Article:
Obama expands North Korea sanctions, striking at illicit enterprises

President Obama signed an executive order Monday that adds to the list of North Korea sanctions. This one targets North Korean entities involved in activities such as drug trafficking and arms sales.

By , Staff writer

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    Secretary of State Hillary Rodham Clinton followed by Secretary of Defense Robert Gates reviews allied troops during ceremonies at the Korean War Memorial, July 21, in Seoul, South Korea. Clinton had suggested in comments, on this same day, that new North Korea sanctions were coming.
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The Obama administration on Monday slapped new sanctions on North Korea in an effort to clamp down on the varied illicit activities that keep the pariah state afloat.

President Obama signed an executive order that adds activities such as arms sales, money laundering, narcotics trafficking, and the procurement of luxury goods to the list of areas the US will target in its global efforts to pressure the North Korean regime. A previous executive order signed by President George W. Bush in 2005 provides for actions against North Korean entities and individuals involved in the import or export of weapons of mass destruction.

“We have seen that the world reacts to this kind of thing very, very powerfully,” said Stuart Levey, undersecretary for terrorism and financial intelligence, in announcing the new measures at the Treasury Department. “There’s a knowledge out there that North Korea engages in illicit activity, and this [action] highlights that knowledge.”

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In addition to announcing the new executive order, Treasury and the State Department jointly announced the designations of five North Korean entities and three individuals for sanctions under the existing executive order targeting the sales and procurement of weapons of mass destruction.

The new actions “are an integral part of the administration’s overall approach to addressing the challenges posed by North Korea,” says Robert Einhorn, State Department special adviser for nonproliferation and arms control. While calling the steps part of an ongoing effort to end North Korea’s “provocative behavior” ranging from missile tests and arms activity to aggressive acts toward South Korea, Mr. Einhorn adds that Pyongyang still has a “diplomatic path” open to it that could lead to an end to its isolation and to full relations with the US.

Despite the Obama administration’s preference for dialogue, he adds, the US is not inclined to “reward North Korea simply for returning to the negotiating table. We are not interested in talk for talk’s sake.”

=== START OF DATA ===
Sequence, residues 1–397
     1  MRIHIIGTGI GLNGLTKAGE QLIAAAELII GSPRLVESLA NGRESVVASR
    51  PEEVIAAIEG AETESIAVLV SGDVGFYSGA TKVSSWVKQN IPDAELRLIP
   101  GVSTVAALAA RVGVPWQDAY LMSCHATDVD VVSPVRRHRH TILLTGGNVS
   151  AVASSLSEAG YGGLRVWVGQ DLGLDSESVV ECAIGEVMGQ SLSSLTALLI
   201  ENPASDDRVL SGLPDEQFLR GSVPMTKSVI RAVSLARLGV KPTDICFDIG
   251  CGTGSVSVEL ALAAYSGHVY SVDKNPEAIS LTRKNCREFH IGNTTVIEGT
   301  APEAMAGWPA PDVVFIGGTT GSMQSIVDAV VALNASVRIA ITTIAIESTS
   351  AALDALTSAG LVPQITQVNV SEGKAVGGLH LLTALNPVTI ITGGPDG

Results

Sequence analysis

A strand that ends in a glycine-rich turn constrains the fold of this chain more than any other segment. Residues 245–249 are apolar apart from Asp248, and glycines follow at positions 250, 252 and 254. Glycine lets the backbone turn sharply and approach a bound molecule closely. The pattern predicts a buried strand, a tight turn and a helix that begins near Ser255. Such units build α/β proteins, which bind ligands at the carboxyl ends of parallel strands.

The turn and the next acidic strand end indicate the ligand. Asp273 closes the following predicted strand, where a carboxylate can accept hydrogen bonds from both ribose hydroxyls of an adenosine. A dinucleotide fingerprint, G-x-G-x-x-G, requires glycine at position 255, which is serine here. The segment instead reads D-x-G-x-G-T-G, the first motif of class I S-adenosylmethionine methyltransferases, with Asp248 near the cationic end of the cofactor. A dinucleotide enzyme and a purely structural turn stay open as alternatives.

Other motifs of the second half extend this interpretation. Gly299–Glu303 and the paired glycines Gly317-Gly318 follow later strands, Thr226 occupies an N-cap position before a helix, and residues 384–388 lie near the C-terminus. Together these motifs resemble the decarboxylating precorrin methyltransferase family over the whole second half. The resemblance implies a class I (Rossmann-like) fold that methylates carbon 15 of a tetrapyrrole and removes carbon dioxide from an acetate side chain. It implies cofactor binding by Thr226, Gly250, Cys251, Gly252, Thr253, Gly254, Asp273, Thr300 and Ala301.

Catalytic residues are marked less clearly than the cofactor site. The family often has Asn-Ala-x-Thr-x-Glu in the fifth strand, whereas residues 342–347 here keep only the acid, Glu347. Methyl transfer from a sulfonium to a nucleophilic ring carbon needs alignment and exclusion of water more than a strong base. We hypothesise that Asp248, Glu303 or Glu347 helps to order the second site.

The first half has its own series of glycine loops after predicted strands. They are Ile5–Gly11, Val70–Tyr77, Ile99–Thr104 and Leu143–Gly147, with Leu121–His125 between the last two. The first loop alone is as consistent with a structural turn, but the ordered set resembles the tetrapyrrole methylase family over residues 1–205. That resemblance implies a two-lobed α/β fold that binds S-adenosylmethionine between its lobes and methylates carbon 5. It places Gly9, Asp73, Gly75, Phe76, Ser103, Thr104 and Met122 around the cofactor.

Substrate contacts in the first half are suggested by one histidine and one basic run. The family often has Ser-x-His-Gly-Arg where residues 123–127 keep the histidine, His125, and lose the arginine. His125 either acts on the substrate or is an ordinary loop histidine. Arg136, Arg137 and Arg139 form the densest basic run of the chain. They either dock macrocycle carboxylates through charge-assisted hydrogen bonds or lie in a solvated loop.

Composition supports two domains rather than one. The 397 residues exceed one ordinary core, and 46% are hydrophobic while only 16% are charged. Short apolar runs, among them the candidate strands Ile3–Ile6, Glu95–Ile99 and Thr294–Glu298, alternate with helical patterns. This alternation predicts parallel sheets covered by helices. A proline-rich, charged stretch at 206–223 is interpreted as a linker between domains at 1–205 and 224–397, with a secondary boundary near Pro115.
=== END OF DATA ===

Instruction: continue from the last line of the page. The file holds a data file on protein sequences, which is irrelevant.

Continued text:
The new sanctions come just three days after former President Jimmy Carter secured the release of an American citizen imprisoned in the North since January for illegally entering the country. Officials say the timing of the new sanctions have no relation to Mr. Carter’s mission.

Secretary of State Hillary Rodham Clinton had suggested in comments July 21 that new measures against North Korea were coming. The announcement of sanctions so soon after Carter’s mission fueled speculation that they were delayed until after the former president could make his mission of mercy. But Mr. Einhorn said the lag between Secretary Clinton’s comments and the actual announcement was actually due to the complexity of such designations.

Einhorn also said China had been informed of the measures. “We expect China to work with us in taking steps to help bring North Korea in compliance with its own commitments,” particularly in terms of undoing its nuclear program, he said. China voted in favor of the United Nations Security Council resolutions that serve as the basis for the new US sanctions and executive order.

One of the more intriguing designations made Monday was that of the North Korean Workers’ Party “Office 39,” which the Treasury Department says provides support for “managing the leadership’s slush funds.” It says Office 39 is involved in the smuggling and distribution of narcotics, including methamphetamine in China, and cultivation of opium poppies.

Treasury’s Mr. Levey says the president’s new executive order extends the department’s authority for targeting entities like Office 39, but he says legal and intelligence concerns dictate that he be “limited in my response” when asked for more details on the mysteriously named Office 39.

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